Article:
George Osborne wants the UK to be the best place in the world for research. But during his time as Chancellor, UK science has slipped back relative to Britain’s major economic competitors. Among the G8 nations, the UK now invests the smallest fraction of its GDP on research (0.44%). The UK now has an economy that is less research intensive than China. For the past five years the research base has held its own – just. But the flat-cash settlement of 2010 has been eroded by inflation, and cuts to capital and departmental spending have left the UK with a reduced research base.
But as the UK is pulling out of recession, there are renewed threats to science funding. Cuts of 25-40% have been mooted, but even another flat-cash settlement would be a backward step. Five more years of decline will see further erosion of the UK’s capacity to face the scientific and technological challenges of the future: climate change, energy and food supplies, emerging diseases and our aging population.
Worse still, stalled productivity – the result of slowing innovation – remains a formidable challenge for the UK economy, which if not corrected will lead to stagnating living standards and persistent government deficits. Public investment drives private spending on R&D, which remains a key instrument of growth in high tech industries, not only providing the seed corn of discovery, but also ensuring robust returns on investment and retaining the research capacity to nurture a confident knowledge economy.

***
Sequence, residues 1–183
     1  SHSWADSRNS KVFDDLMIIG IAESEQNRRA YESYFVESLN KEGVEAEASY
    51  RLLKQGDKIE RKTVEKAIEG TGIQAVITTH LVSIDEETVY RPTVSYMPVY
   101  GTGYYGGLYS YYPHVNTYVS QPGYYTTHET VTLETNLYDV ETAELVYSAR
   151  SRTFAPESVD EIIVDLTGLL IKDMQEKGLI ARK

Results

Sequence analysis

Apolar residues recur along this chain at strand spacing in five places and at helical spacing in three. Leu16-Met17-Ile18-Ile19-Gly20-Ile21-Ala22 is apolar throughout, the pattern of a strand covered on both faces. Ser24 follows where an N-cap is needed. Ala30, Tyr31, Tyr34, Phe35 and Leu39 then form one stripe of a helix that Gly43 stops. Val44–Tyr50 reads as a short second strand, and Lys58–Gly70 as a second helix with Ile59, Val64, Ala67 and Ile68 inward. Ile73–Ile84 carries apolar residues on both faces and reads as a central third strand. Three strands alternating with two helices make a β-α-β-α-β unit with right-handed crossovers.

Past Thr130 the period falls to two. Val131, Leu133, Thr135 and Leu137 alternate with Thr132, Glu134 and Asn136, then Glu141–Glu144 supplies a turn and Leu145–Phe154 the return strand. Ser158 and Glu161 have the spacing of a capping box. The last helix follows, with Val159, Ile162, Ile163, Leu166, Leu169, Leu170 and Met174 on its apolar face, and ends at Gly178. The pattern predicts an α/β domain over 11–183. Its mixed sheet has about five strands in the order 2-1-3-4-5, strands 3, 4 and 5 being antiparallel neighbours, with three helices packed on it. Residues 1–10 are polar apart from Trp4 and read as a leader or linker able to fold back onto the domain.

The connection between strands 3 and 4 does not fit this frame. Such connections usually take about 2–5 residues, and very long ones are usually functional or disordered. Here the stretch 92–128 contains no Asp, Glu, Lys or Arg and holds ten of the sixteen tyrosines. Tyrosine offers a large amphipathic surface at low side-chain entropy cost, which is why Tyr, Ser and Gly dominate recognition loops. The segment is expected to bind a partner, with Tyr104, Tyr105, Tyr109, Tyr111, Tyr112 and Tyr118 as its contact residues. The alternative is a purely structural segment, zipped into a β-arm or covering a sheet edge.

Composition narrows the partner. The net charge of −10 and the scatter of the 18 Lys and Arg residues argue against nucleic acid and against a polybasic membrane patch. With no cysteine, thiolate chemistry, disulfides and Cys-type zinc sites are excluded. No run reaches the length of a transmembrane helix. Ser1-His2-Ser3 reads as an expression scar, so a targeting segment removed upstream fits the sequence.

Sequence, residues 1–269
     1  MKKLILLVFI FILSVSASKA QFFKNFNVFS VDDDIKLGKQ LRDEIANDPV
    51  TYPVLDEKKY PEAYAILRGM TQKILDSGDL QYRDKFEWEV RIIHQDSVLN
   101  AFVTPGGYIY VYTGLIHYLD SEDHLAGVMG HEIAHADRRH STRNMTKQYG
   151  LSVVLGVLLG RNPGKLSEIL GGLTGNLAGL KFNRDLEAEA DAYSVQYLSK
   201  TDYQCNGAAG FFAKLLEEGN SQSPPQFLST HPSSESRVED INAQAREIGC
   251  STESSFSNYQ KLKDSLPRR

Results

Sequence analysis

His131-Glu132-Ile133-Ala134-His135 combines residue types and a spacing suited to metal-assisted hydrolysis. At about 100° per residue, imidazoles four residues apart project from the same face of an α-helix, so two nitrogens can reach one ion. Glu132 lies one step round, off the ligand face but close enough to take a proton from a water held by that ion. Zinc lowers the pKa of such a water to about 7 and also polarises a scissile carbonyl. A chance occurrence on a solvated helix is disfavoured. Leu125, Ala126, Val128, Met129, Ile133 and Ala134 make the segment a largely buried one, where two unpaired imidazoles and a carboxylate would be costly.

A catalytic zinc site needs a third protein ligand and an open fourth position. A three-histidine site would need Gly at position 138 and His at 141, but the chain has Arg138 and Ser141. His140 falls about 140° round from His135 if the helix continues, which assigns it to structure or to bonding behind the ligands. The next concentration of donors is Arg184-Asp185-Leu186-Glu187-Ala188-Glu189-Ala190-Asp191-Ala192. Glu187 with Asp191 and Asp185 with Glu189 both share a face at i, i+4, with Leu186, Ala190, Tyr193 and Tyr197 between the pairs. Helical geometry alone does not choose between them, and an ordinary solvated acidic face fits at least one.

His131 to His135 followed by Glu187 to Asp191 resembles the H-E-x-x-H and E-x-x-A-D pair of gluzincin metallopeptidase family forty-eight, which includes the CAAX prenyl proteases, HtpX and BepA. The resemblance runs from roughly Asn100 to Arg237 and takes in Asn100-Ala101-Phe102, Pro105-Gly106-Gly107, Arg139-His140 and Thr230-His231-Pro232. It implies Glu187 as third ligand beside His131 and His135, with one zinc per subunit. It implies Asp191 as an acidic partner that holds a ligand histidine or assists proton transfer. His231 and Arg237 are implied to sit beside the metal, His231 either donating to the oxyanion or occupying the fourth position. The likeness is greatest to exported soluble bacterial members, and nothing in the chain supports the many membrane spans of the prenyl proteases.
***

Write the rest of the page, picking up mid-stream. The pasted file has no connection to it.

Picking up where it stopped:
Britain has a proud record of world-class research but the scientific community is deeply alarmed by the government’s apparent lack of direction and ambition. Ahead of the Science is Vital Rally at Conway Hall, London on 26th October, our press briefing articulated those concerns and call for a more positive vision of the future.
Dr Jennifer Rohn, Biologist, Chair of Science is Vital
Prof. Jim Al-Khalili, Physicist, broadcaster and writer
Prof. Richard AL Jones FRS, Physicist and commentator on research and innovation; Pro-Vice Chancellor for Research and Innovation, University of Sheffield. (see www.softmachines.org)
Dr Helen Czerski, Physicist, oceanographer and broadcaster
Dr Andrew Steele, Biologist, and creator of scienceogram.org – a highly accessible analysis of public R&D spending